1. it doesnt matter if the seller quoted 2 months for delivery, that is the delivery time. if this is not acceptable, you do not order. - exactly the same as the price is the price, if you dont like it, dont order it. 2. many label softwares automatically mark despatched as soon as the label is done, to prevent duplicates. assume somebody is trying to con you all you like, or accept thats how some things work. like i said, a conflicting Hermes ID is not "proof" in any way shape or form. he may well have despatched when he said, and hermes are in the wrong, but you dont care do you? - you've made absolutely zero mention of what his quoted despatch time was, its there to see, if he's quoted three days and despatched in three days, then its exactly as promised. 3. the type of shipping is also stipulated up front, he probably had an express option you didnt choose, and went for the economy/free delivery in the chosen timescales with the chosen courier. therefore, Hermes would have been your choice, by choosing to purchase the item with the Hermes shipping option as advertised. 4. Hermes arent the seller, your woes with Hermes and the woman's car should be taken up with Hermes. - should you be punished if you send a christmas card to your gran, and her postman smells? no that would be completely ridiculous wouldnt it. 5. the ONLY reason? what? you mean the facts of the matter? you could have left one star because it arrived on a purple unicorn, but its best if you actually use the facts and truth. - he's quoted that time because thats how long it takes. how long did it take? exactly as long as he quoted. - your notion of "this should take 2-5 days" only exists in your mind, you've already been told in advance that is not the case, so dont expect it. or offer to pay for upgraded shipping so it does come in 2-5 days, instead of the time you were told it would. 6. the grand deception of telling you it will take 2 weeks, and actually being delivered in 2 weeks? you're still not addressing your own grand deception, claiming you were in when Hermes tracking clearly "proves" you weren't! i'm finding it increasingly difficult to believe you when this "proof" shows that you tell lies. 7. IT GOT THERE IN TIME, WHEN YOU WERE TOLD IT WOULD. "responsibility" for choosing the carrier who delivers in the advertised time met and succeeded. - why do sellers choose the cheapest postage, cos thats the one the customer orders. i'm almost certain the seller would have had an express option, which you did not choose, and went for Hermes instead, then blame him for you choosing Herrmes. 8. have you just tangented off onto random whinging? Give you a voice, and you use it to shout "late delivery" for things that arrive on time. well done. wonder why sellers grudge that system? - oh and the shambles of a system they have now in no way reflects the way feedback started, FYI. 9. you love the word bigoted dont you. it fits you well. Yes back on topic; "did the item arrive on time?" "Yes, and the seller has been punished for it". well done.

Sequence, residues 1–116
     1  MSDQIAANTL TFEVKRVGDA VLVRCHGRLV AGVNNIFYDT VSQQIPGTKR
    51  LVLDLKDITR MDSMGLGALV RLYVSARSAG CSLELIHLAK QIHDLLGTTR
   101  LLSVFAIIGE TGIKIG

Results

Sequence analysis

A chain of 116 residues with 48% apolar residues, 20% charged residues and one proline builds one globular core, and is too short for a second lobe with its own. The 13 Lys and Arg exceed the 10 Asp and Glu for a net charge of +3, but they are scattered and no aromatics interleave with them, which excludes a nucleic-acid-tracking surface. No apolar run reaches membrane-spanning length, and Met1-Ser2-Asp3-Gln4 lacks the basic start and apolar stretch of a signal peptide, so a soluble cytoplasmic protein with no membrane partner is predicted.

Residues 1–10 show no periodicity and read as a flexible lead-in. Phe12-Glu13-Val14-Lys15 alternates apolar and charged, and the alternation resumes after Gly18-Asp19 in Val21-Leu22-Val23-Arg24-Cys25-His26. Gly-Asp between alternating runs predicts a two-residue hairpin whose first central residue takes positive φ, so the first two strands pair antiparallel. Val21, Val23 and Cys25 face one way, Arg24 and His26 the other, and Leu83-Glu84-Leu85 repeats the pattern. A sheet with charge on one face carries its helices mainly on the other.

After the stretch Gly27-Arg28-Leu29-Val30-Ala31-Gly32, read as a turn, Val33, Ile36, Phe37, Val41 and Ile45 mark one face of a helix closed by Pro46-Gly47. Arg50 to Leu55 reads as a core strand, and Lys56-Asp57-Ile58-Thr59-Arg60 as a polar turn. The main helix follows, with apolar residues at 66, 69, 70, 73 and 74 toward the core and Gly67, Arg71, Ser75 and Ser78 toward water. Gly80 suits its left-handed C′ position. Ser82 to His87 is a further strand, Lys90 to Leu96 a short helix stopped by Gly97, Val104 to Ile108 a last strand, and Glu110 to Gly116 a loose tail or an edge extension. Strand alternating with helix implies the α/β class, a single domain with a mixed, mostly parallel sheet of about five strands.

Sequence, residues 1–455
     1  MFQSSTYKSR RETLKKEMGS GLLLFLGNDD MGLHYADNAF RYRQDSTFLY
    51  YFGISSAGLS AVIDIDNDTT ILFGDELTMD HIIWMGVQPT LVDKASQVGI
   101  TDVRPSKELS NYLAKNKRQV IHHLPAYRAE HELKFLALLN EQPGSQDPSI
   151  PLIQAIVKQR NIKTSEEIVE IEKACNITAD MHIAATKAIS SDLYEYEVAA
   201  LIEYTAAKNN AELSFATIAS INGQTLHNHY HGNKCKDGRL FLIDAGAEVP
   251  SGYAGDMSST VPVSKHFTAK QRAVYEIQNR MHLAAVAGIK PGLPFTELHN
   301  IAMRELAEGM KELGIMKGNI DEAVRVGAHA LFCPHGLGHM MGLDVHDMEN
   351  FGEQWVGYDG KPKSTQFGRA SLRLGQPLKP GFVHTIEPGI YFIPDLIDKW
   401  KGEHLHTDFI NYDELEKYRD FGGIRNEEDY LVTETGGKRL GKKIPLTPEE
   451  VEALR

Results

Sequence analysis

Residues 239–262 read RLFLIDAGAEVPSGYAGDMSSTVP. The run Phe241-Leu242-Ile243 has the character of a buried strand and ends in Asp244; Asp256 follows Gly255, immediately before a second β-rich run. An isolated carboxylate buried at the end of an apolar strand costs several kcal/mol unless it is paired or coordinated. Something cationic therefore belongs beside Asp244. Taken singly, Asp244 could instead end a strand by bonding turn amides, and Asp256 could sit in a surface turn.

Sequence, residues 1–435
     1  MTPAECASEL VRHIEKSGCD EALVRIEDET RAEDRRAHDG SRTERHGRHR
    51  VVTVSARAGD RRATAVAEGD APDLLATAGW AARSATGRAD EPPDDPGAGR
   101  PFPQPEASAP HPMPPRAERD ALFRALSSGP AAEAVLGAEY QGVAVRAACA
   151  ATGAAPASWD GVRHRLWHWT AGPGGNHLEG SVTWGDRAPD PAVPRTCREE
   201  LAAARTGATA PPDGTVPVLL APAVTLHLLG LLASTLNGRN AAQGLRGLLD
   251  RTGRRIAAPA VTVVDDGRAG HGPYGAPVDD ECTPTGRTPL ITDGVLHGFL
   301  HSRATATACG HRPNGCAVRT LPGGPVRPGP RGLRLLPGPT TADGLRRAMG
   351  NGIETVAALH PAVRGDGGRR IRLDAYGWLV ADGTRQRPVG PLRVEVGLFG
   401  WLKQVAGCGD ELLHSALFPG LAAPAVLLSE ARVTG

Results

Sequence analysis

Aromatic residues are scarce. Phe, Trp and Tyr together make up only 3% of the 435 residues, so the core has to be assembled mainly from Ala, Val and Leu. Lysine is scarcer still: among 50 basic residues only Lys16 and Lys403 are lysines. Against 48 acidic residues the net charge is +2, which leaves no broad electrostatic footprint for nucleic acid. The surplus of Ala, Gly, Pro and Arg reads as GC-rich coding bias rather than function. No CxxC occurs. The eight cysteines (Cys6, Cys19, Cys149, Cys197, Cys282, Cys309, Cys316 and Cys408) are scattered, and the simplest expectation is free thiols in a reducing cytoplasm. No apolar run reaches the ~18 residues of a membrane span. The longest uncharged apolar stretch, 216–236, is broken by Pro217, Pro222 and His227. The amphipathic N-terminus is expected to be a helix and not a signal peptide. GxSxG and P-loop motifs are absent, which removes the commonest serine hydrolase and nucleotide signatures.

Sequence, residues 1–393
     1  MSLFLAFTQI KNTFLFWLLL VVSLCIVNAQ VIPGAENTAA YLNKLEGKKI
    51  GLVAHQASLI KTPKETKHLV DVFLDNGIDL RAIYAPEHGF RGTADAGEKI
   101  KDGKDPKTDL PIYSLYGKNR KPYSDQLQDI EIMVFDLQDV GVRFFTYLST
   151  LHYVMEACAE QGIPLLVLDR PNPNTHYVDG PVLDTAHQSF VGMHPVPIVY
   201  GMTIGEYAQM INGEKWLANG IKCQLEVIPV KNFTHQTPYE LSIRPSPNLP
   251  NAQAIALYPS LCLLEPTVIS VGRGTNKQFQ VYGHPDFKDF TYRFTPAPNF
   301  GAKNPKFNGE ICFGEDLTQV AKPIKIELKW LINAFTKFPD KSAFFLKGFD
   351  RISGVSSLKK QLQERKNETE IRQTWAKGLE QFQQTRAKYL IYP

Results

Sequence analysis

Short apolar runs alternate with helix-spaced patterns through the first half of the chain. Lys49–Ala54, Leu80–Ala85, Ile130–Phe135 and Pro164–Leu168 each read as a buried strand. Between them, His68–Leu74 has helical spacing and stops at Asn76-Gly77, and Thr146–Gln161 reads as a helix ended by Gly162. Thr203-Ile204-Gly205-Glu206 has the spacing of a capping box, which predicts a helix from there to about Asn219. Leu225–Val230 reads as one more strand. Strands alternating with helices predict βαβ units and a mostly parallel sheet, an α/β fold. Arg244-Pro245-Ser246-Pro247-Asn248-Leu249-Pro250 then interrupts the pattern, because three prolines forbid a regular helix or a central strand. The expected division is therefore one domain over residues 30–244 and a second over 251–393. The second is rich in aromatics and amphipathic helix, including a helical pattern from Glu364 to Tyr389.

james • 24th July 2015 •

I could continue this for ages because I am the one with the FULL FACTS and you, like others, are simply making assumptions. The Seller in stating that a domestic UK delivery should be allowed TWO WEEKS is not permitting either eBay or the Buyer to make any comment if things go wrong. Your views on the "goods arrived in time" are therefore flawed. How many would buy from Amazon or others if they gave wide speculations for delivery just to protect themselves from customer comment? Would you? Nevertheless I've already clearly said that, taken overall, I would be willing to wait the two weeks. That isn't the issue here, what is the issue is the Seller LIED to give themselves protection for the eBay system if things went wrong. We're not talking of some computer glitch or labelling system, the FACTS are the Seller used the eBay message system to notify me that the goods were DESPATCHED . . . if you're unsure what that technically means look it up in a dictionary . . . and to perform this had to sign in to their eBay account and physically click on options FULLY knowing that they were being 100% premature. Once again the full on-line record showed that to start the delivery by Hermes the Seller had to first deliver it to one of their "ParcelShops", nowhere was it shown that Hermes had to collect the goods from the Seller. So the Hermes system displayed the following for FIVE DAYS, "Delivery PENDING. Goods have not yet been received at our ParcelShop". Under no circumstances whatsoever is ANY purchaser responsible for dealing with a carrier/courier when that service - contract if you will - is between the Seller and the Carrier. Get real? Nor was the purchase "Free P&P", I paid extra for the carriage and was offered only one chioce. You seem to be confusing an erroneous attitude that "the goods arrived within time" with my rightful use of the DSR system to leave comment upon the Sellers "customer servicing and quality control". I understand the feedback and DSR system on eBay can be so easily used incorrectly and I'm personally aware as SOMEONE WHO SELLS ON EBAY that used that way it can be an horrendous experience. Let us ALL hope that in the coming re-boot at eBay they put it back to as it was and stop idiots that leave Neutral or Negative with words such as "Goods OK" or "Acceptable purchase". But I still say I exercised my right to comment on the Sellers performance and did so correctly. Now . . . you want to reply? Go ahead, I'm not going anywhere.